Three days ago, we completed the most roundabout journey to Kerryn’s folks’ house that we’re ever likely to undertake. What should have taken us 5 hours, took 145 days and 20 805 kilometers. I knew it was a bad idea letting Kerryn navigate. We’re in Skukuza, reunited with familia, back in the familiar. And it feels pretty awesome. A week ago, and six countries later, we were stamped back into South Africa at the Giriyondo border post, half way up the eastern boundary of The Kruger National Park. Kerryn’s folks were there to meet us, along with a car-full of biltong and other delicious treats, which were duly dispatched of in no time at all. Having Ken and Lyn there to welcome us back into SA was one of the highlights of the whole trip, and we spent a wonderful few days with them working our way down the park towards their home in Skukuza. Among the many emotions we felt as we pulled into 5 Leopard Street, was a healthy dose of relief. We frikken made it! No major car issues; no muggings; nothing stolen; no Malaria; no croc, lion, hippo, buffalo, hyena or leopard attacks; no snakebites; no floods or fires; no blow-outs, not even a single puncture; and, last time I checked, no missing kidneys. No shortage of fantastically good luck! It’s been the most amazing adventure of our lives, and will most definitely be the catalyst for a whole bunch more.
But back to Mozambique where, despite the emotional rollercoaster debacle, many good things still lay in store.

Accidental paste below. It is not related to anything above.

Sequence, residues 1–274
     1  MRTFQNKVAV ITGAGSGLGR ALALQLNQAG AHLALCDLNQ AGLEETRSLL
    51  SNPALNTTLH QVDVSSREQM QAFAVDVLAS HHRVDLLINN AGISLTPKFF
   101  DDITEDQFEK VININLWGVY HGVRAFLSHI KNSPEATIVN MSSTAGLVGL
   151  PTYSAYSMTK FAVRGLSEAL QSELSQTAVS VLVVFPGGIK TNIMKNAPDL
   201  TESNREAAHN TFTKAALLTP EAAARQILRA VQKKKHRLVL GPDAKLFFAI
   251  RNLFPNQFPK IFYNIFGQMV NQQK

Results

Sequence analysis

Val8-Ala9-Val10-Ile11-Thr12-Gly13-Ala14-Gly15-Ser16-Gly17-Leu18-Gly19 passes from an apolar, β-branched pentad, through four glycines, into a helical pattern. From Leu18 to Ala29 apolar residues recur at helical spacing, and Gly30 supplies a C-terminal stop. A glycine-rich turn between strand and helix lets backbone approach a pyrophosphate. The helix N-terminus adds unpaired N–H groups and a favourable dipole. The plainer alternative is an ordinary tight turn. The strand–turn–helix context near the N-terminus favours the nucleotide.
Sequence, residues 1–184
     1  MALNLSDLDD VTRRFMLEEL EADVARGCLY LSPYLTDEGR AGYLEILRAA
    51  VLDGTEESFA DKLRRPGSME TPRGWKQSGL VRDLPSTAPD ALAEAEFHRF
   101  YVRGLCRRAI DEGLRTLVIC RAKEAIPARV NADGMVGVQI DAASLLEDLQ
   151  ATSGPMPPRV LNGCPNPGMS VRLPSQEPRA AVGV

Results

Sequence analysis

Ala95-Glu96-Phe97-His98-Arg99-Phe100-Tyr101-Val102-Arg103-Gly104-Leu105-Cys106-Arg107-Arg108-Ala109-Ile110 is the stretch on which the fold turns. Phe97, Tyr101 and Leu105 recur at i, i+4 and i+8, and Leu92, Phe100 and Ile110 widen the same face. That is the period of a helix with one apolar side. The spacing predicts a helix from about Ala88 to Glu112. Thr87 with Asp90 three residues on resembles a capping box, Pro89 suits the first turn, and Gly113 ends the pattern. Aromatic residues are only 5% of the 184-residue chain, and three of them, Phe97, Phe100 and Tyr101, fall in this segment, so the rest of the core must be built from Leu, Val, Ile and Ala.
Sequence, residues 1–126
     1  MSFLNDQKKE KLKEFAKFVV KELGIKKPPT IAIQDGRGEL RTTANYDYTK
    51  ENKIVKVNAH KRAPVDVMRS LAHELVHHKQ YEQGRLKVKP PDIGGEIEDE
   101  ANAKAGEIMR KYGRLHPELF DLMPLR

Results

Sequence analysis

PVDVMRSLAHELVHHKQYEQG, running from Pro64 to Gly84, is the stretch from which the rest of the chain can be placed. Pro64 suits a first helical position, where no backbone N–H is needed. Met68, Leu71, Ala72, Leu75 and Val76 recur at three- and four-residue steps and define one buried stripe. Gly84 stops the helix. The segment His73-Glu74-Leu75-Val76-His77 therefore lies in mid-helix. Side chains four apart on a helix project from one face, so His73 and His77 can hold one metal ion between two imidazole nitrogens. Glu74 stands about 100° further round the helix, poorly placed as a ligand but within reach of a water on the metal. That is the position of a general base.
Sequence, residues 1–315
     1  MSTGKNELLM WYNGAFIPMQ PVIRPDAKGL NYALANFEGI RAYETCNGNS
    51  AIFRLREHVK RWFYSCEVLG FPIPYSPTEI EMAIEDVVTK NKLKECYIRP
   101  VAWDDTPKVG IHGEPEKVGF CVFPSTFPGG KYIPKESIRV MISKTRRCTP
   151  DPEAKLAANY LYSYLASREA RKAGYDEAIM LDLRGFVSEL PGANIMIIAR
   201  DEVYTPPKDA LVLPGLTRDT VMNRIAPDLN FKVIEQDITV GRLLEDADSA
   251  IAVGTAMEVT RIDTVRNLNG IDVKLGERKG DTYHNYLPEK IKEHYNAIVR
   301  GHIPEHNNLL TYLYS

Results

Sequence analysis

From the opulence of our little stilted cabin at BD Lodge, it was back down the beach to Inhassoro, and back down to earth in our not-so-opulent little tent. At least we had some delicious kingfish left over to soften the blow. We spent another night at The Seta Campsite and left early the next morning for the bright lights of Vilankulo. After the big distances we’d been doing in Mozambique, the hour and a half drive down the coast was a rather pleasant one, and we pulled into town around mid morning. Straight away, Vilankulo felt different to the towns further north – a little slicker, a bit more organised, a lot more commercialised. The influence of South African holidaymakers was also pretty obvious. The first local dudes we spoke to didn’t even greet us in English, they broke out the Afrikaans. We really didn’t mind any of these things at all. At least we could now use actual words to ask the barman if his beers were cold, as opposed to a lengthy game of Charades. But we couldn’t help wondering what the place would be like in peak holiday season, considering the proliferation of hotels and lodges dotted around the bay. You can understand why people flock to Vilankulo though. The setting is magnificent and it’s the launching pad for the world-famous Bazaruto Archipelago, which boasts some of the finest snorkeling and saltwater flyfishing in Southern Africa. Alas, we couldn’t afford to head out to the islands, so to minimise frustration we only spent one night in Vilankulo. On the upside, we did watch the Boks destroy Argentina that afternoon, in the company of 2 very cool South African couples – friends of a friend, as it turned out.
Five or six years ago, I had spent a rather eventful holiday at a place called Pomene, about 250 kms south of Vilankulo. Amongst the many “mishaps,” the car broke down and we ended up having to tow it all the way back to Jo’burg. I was keen to go back, partially for nostalgia’s sake, but also to try and squeeze a bit more fishing in. Kerryn was just keen for the beach – she’s very easy to please these days. The camp at Pomene seems to have changed a little bit since I was last there. Although considering the quantities of local rum consumed on the previous trip, I wouldn’t take my word for it. The beach and little estuary, however, were exactly as I remembered them: pretty much perfect. The fishing was a bit average, but we spent two very cool days at Pomene, camped right on the beach in an all but deserted campsite, before continuing south along the newly resurfaced EN1.